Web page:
We Are Called To Bear Witness

The recently concluded World Youth Day in Sydney proposed several challenges to young people of our time. The theme, “You will receive power when the Holy Spirit has come upon you and you will be my witnesses (Acts 1:8),” summarized the thrust of Pope Benedict’s Addresses and Homily. On several instances, he encouraged the youth to open hearts to Spirit’s power in order to become God’s witnesses in this modern world.

During the Vigil, the Pope spoke to the youth on how to become witnesses in “a world which in many ways is fragile.” He highlighted unity as the key to changing the world. Unity, however, “cannot be achieved through our efforts alone. God has made us for one another and only in God and his Church can we find the unity we seek,” he said. It is precisely the role of the Holy Spirit to bring this work to fulfillment for He is the bond of unity in the Blessed Trinity. The Holy Pontiff then expounded three theological insights of St Augustine to explain how the Holy Spirit works in our Christian life.

In his Homily during the closing Mass of the WYD, the Pope challenged the youth to unleash the Spirit’s power by allowing oneself to be changed from within: “We have to let it break through the hard crust of our indifference, our spiritual weariness, our blind conformity to the spirit of this age.” He affirmed that both the world and the Church need renewal and the gifts of young people can respond to this need.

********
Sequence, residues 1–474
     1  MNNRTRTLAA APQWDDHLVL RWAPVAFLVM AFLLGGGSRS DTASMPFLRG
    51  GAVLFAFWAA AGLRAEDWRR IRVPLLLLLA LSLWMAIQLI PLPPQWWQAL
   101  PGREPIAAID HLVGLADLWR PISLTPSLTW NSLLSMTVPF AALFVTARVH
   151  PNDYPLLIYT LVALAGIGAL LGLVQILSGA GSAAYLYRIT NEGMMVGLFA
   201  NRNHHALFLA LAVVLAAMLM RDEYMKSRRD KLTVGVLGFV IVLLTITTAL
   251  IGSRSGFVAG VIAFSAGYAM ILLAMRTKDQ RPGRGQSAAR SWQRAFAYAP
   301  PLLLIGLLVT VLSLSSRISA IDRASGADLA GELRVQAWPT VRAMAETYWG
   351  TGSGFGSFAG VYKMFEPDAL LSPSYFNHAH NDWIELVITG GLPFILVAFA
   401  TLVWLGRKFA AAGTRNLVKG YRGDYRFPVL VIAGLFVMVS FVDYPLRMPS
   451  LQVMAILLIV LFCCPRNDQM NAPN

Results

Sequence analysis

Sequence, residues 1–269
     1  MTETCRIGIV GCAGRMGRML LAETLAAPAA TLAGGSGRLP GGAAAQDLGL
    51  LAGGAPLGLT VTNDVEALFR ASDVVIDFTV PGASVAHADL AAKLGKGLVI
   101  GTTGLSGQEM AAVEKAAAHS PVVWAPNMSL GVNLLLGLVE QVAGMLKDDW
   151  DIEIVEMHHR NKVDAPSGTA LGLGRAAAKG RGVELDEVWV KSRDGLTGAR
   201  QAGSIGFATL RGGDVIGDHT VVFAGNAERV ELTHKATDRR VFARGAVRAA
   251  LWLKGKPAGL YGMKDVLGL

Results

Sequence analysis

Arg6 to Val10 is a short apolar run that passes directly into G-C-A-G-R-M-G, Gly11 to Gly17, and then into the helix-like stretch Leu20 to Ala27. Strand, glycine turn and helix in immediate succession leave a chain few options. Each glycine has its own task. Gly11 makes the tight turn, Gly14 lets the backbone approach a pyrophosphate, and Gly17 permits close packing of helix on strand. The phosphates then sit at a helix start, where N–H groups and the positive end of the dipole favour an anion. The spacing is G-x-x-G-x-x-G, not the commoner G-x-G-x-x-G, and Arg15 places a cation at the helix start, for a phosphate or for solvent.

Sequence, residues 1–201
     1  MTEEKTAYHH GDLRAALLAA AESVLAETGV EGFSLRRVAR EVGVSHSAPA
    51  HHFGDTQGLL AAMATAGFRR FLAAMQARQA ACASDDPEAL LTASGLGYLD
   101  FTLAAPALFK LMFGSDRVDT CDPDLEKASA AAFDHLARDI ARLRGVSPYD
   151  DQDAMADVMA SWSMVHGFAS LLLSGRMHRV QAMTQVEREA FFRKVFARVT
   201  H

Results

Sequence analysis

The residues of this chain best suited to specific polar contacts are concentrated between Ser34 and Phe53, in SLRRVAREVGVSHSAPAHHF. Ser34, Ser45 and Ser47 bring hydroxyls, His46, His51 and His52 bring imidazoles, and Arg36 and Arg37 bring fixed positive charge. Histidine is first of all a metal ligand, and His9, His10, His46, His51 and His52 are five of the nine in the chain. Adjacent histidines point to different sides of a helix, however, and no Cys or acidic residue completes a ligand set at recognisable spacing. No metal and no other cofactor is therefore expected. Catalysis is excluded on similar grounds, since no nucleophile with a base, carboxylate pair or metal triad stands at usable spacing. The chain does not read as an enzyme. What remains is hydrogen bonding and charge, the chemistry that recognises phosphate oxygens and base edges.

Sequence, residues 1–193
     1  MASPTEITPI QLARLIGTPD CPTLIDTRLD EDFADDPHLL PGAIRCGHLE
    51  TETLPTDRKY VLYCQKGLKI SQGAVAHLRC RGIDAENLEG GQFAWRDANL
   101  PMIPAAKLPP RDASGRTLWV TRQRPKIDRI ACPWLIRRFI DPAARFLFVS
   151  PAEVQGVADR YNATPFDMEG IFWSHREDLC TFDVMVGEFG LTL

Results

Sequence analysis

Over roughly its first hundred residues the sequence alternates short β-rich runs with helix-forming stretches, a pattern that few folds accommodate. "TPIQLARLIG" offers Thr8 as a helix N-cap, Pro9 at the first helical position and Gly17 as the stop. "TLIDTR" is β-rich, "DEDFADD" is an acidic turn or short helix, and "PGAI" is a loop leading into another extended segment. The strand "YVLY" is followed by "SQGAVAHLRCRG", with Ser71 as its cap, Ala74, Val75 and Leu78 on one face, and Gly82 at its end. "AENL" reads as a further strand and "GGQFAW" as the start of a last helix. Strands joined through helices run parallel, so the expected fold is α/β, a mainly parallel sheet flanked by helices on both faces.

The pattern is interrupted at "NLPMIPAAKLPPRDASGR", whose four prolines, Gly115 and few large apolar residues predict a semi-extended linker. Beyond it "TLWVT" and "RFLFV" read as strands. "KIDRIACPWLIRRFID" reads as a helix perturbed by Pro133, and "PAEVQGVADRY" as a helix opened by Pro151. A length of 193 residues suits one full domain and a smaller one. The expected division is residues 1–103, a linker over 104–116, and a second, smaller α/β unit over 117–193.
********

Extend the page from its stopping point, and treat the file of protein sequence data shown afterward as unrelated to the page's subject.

The Holy Father also visited a rehabilitation community for disadvantaged youth in Sydney. He urged them to be ambassadors of hope and to help other troubled youth to choose the path of life. He warned them about the path that leads to death, that is, “the cult of material possessions, the cult of possessive love and the cult of power.”

At the Welcoming Celebration, the Holy Father began by reflecting on the natural beauty of creation. He affirmed that at the heart of the marvel of creation, man occupies the apex for he is an image of the Creator. But just as there are “scars” that mark the earth – “erosion, deforestation, …” -- there are also "wounds indicating that something is amiss” in our social environment. These social wounds, according to the Pope, are caused by the secularist vision which “seeks to explain human life and shape society with little or no reference to the Creator.” He challenged the youth to be convinced and to bear witness to the reality that they “were created anew at Baptism and strengthened through the gifts of the Spirit at Confirmation.”

We also include in this issue the Catechesis delivered by Archbishop Chaput on the occasion of the WYD ’08. According to the Bishop of Denver, giving witness is first of all living the unity of life. Unfortunately, he lamented, many people are tempted to lead a “double life.” The bishop presented an interesting diagnosis of this present culture of life and offered possible remedy to this malady.